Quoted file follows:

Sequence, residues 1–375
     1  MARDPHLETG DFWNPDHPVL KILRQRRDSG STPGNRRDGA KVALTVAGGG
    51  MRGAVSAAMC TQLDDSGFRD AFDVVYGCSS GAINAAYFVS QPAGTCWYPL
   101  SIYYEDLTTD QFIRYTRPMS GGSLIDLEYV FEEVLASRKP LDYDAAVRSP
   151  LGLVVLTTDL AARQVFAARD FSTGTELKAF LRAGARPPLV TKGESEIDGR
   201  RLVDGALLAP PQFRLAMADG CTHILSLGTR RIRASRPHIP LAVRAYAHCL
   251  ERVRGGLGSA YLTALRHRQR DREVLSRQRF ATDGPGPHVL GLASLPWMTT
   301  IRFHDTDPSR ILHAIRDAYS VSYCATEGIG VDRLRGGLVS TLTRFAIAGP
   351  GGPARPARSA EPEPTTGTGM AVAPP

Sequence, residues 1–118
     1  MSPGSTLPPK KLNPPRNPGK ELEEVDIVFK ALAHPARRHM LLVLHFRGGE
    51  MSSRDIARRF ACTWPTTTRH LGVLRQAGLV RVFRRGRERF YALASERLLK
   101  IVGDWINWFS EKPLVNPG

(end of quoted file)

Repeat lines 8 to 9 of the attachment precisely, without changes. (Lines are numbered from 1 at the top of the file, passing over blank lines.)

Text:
   301  IRFHDTDPSR ILHAIRDAYS VSYCATEGIG VDRLRGGLVS TLTRFAIAGP
   351  GGPARPARSA EPEPTTGTGM AVAPP